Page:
May 5, 2010
FDA: Bacteria Found In Johnson & Johnson Plant
A report released by the Food and Drug Administration (FDA) on Tuesday said inspectors found thick dust and grime covering specific equipment that may have contaminated dozens of products produced at a Johnson & Johnson plant.
After the company issued a voluntary recall last week on Children's Tylenol and other products labeled for children, the FDA sent inspectors to investigate the possible cause of the recall. Inspectors also found a hole in the ceiling and duct tape-covered pipes at the Fort Washington, PA plant.
The FDA is now urging parents to choose alternative medicines or generics for their children.
"Consumers should not use these products," said Deborah Autor, director of the Office of Compliance at FDA's Center for Drug Evaluation and Research, in a conference call with Reuters.
According to the report, inspectors found 46 consumer complaints about dark material found in liquid products between June 2009 and April 2010. J&J said on Tuesday that the quality issues at the plant "are unacceptable" and that it would continue to work with the FDA to solve them.
The company has halted production at the Fort Washington plant until further notice. "We will not restart operations until we have taken the necessary corrective actions and can assure the quality of products made there," said a statement from J&J's McNeil Consumer Healthcare unit.
The McNeil Consumer Healthcare unit has said some of the recalled medicines may have a higher concentration of the active ingredient than listed on the bottle. Others may contain particles, while others may contain inactive ingredients that do not meet testing requirements.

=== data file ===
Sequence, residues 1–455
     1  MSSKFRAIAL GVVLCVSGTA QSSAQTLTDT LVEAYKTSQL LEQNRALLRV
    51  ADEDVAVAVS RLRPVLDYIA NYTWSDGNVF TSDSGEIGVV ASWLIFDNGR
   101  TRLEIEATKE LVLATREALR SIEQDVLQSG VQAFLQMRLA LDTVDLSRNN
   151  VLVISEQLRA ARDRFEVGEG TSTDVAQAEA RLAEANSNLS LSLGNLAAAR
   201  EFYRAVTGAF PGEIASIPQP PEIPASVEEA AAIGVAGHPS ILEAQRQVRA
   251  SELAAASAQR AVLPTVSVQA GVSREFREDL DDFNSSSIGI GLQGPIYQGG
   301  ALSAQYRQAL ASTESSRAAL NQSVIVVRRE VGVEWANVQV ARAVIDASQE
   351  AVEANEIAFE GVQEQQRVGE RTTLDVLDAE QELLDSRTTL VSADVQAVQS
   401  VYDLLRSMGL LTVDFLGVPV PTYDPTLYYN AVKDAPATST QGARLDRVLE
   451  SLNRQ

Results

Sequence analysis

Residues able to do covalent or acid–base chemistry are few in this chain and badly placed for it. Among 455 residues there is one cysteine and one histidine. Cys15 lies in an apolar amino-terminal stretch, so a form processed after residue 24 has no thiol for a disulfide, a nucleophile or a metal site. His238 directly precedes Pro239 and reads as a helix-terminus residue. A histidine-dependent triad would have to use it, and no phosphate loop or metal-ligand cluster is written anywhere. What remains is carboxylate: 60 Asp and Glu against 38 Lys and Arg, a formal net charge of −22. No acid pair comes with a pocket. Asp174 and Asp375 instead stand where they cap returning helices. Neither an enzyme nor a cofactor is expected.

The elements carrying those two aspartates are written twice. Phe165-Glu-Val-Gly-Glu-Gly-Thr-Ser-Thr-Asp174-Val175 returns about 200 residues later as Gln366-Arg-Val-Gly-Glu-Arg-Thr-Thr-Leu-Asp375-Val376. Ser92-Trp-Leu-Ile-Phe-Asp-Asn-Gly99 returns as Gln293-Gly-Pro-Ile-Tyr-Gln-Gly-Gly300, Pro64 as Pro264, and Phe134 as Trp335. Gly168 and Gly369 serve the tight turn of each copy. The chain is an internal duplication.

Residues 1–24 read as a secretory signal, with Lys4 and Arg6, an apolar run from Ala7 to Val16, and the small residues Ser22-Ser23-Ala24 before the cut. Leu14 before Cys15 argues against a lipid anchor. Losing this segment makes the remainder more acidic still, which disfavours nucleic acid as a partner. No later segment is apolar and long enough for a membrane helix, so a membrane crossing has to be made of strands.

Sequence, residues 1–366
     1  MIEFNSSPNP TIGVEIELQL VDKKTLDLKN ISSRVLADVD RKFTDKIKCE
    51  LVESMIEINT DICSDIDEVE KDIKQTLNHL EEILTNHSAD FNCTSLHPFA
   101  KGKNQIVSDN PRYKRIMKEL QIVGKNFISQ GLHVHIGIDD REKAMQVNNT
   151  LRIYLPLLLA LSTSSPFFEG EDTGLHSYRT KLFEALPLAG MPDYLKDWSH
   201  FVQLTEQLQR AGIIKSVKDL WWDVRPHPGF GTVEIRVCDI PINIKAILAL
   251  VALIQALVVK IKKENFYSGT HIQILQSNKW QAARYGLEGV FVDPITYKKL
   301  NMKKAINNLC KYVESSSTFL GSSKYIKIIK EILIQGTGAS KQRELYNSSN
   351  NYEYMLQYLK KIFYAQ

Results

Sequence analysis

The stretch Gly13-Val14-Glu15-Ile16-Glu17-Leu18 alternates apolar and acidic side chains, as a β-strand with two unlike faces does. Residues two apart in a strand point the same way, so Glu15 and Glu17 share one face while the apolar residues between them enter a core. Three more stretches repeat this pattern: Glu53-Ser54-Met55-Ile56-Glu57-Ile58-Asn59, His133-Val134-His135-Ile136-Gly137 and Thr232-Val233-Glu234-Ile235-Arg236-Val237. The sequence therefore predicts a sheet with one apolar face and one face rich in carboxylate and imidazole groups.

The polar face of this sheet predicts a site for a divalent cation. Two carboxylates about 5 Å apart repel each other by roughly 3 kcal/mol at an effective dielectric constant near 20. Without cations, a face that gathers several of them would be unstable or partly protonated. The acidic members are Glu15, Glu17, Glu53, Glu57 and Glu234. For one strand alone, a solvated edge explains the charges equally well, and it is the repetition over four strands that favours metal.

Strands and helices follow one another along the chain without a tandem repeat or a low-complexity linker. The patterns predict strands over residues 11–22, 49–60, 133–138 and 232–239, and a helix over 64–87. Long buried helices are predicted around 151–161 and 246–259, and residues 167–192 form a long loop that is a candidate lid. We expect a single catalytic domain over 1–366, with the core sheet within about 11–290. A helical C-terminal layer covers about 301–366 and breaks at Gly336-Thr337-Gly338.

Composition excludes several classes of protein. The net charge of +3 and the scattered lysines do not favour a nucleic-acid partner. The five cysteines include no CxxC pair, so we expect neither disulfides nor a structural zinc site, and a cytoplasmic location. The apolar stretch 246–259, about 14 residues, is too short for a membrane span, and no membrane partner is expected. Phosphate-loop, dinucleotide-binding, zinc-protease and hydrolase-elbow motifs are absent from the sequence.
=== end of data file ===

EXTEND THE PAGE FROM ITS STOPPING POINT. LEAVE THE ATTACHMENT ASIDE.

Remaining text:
The recall is seen as a minor financial concern for J&J, according to investors. While the Tylenol brand is closely tied in with its public image, it amounts for just a small percentage of the company's $62 billion in annual sales.
The FDA has vowed to keep better industry oversight under the Obama administration. The recall has shown that companies need to be more responsible to ensure the quality of their products.
"While the potential for serious health problems is remote, Americans deserve medications that meet FDA standards for quality, safety and efficacy," FDA Commissioner Margaret Hamburg told reporters.
The FDA inspectors found contaminated raw materials used in several lots of Children's and Infant's Tylenol, however none of the finished product sampled tested positive.
Inspectors plan to make a more detailed report for FDA officials to evaluate and determine if further regulatory action is needed, said Autor. It could include sending a warning letter, seizing material and products, seeking a court order to shut down manufacturing or pursuing criminal allegations and penalties.
J&J endured a massive recall in the 1980s of its intentionally contaminated Tylenol products and its subsequent handling of the case is widely studied as a model business and public relations case.
The company has so far done everything right in handling the latest recall, according to branding expert Robert Passikoff. "There's no way to excuse it and J&J isn't. What they're looking to do is fix whatever the problems are," said Passikoff, head of Brand Keys Inc.
On the Net:
- A full list of more than 40 affected products made by McNeil Consumer Healthcare can be found at http://www.mcneilproductrecall.com